Suicide is usually a very solitary act. But its solitariness doubles its effect on other people. Family members and friends are devastated that the person they loved has so definitively broken off their relationship. The breaking of this relationship, too, can affect the way in which they relate to one another. They can retreat into themselves and become solitary, wrapped in silence. And nothing is more destructive than silence.
That is one reason why the suicide of one member of a family is sometimes followed later by the suicide of another. It is not due to a ‘suicide virus’ but to the way in which we can become isolated when someone we love takes their own life.
This week we celebrate suicide prevention day. We can contribute to prevention by ensuring that people who live with the suicide of a family member or close friend find support in dealing with their confusion, anger and grief. The best support is to help them to emerge from the silence that so often surrounds suicide and to speak about their friend’s death and of its effect on them.
This is not easy. There is a taboo associated with suicide. People are frightened of what they do not understand. In addition, we can find so many plausible reasons for keeping silent and avoiding conversation. We want to protect other people from our suffering; we are afraid that to talk about it may lead others to contemplate it; it is less painful to avoid the topic.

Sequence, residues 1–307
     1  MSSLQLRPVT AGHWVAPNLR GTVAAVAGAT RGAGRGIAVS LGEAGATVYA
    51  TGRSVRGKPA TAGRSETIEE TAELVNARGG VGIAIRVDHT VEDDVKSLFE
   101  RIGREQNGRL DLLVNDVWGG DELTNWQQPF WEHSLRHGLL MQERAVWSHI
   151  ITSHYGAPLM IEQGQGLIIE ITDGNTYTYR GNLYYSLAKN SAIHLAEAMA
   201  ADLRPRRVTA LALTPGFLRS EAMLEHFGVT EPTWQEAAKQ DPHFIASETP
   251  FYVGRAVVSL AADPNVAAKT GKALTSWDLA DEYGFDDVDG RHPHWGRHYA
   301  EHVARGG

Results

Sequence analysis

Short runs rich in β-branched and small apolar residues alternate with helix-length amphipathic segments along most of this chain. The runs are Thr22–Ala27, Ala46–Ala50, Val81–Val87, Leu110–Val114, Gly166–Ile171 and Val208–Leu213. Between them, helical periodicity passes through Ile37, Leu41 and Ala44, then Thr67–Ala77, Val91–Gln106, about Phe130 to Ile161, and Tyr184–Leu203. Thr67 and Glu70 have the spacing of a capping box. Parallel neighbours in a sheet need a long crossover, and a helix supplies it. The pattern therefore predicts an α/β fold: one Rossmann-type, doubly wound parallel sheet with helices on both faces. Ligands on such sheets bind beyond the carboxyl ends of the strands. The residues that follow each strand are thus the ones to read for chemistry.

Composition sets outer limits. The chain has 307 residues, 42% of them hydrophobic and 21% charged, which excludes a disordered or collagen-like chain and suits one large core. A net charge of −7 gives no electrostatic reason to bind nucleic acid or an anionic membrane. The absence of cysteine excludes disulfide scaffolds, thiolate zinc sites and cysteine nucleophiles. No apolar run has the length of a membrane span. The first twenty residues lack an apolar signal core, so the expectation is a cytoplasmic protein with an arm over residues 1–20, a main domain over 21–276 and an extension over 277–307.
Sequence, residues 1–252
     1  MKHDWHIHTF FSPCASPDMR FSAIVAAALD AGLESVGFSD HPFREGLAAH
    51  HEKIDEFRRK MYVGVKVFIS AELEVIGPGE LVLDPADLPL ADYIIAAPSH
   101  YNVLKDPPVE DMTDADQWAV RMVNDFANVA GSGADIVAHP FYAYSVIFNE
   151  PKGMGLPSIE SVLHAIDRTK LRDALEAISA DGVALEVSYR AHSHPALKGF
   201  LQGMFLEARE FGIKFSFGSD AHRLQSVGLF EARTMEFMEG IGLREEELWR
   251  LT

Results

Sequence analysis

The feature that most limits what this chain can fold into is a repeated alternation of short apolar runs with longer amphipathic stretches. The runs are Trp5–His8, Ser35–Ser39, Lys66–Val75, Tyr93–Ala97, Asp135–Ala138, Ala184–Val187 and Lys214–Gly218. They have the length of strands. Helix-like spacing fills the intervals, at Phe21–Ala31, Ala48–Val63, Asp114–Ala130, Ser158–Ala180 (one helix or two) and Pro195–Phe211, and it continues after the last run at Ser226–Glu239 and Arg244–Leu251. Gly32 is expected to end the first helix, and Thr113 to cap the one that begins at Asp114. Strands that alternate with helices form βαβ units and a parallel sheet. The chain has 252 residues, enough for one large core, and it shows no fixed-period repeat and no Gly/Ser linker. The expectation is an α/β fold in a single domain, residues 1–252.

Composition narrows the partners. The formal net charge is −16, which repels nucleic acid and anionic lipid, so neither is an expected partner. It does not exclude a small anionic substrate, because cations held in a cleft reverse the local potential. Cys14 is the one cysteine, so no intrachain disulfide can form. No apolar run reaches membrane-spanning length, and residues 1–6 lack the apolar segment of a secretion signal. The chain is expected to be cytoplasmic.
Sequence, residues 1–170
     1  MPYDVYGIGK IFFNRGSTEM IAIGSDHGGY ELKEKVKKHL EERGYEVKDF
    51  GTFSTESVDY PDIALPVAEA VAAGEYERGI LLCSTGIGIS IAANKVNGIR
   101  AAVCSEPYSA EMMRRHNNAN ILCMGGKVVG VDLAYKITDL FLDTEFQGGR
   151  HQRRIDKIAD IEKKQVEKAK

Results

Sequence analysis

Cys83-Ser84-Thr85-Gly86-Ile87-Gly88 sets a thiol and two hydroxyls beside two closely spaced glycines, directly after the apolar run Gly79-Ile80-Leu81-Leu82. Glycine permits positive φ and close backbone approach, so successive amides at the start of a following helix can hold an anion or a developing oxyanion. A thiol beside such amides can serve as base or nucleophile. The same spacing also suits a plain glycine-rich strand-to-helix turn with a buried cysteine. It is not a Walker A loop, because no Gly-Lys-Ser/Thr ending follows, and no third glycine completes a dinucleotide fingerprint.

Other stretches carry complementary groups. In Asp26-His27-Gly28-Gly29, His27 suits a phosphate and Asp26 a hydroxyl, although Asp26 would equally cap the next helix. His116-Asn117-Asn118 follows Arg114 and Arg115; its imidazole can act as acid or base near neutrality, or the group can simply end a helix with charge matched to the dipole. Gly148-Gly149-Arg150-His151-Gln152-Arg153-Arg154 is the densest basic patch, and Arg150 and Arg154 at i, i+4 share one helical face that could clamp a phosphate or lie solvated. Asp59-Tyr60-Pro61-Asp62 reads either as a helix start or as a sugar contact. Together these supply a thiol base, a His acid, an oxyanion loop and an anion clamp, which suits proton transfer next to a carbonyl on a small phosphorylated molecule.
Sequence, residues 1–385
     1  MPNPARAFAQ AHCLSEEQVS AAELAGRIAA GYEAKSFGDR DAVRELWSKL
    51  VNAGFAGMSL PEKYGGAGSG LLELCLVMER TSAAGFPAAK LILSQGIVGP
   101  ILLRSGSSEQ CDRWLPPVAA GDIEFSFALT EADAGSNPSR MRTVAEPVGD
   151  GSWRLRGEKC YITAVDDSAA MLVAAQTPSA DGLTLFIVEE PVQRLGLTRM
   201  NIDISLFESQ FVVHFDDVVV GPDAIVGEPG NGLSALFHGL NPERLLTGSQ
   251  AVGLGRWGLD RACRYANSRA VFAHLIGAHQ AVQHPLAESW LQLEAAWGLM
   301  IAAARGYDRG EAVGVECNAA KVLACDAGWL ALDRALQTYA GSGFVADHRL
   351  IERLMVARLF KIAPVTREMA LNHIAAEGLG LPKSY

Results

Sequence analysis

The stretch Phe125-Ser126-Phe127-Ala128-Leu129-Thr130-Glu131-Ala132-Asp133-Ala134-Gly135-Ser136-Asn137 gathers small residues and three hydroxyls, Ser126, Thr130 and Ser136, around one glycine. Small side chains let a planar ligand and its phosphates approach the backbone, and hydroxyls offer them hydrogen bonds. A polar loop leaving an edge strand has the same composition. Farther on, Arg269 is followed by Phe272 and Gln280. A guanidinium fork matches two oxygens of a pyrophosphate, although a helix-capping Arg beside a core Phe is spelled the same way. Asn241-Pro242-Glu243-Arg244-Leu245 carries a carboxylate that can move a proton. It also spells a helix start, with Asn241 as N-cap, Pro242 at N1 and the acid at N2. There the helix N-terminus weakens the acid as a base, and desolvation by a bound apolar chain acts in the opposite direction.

In this mixture of confused feelings and desire to shield others, the voices of children whose relatives have taken their own lives ring clearly and truly. They are summed up in the title of the recent little book published by Support after Suicide, Tell me what happened: Talking with children and young people about suicide. http://www.jss.org.au/policy-and-advocacy/publications-and-research
In the book children recognise how hard they found it to deal with the suicide of a parent or sibling, but how it helped to be told what happened, to be involved in the funeral, and how angry they felt if the truth were concealed from them. The authors comment,
‘What we know is that one of the most important things for children after a traumatic experience is to restore a sense of safety and security. Knowing that they have trusted adults who love them, who can they count on and who are willing to listen to their questions, worries and experiences will help them to deal with any difficult times which arise.’
Of course, adults affected by the suicide of someone they love will also find it hard to regain a sense of safety and security. They also need people they can trust with whom they can speak, whether among their friends or in groups like Support after Suicide. For all of us, it comes down to good relationships.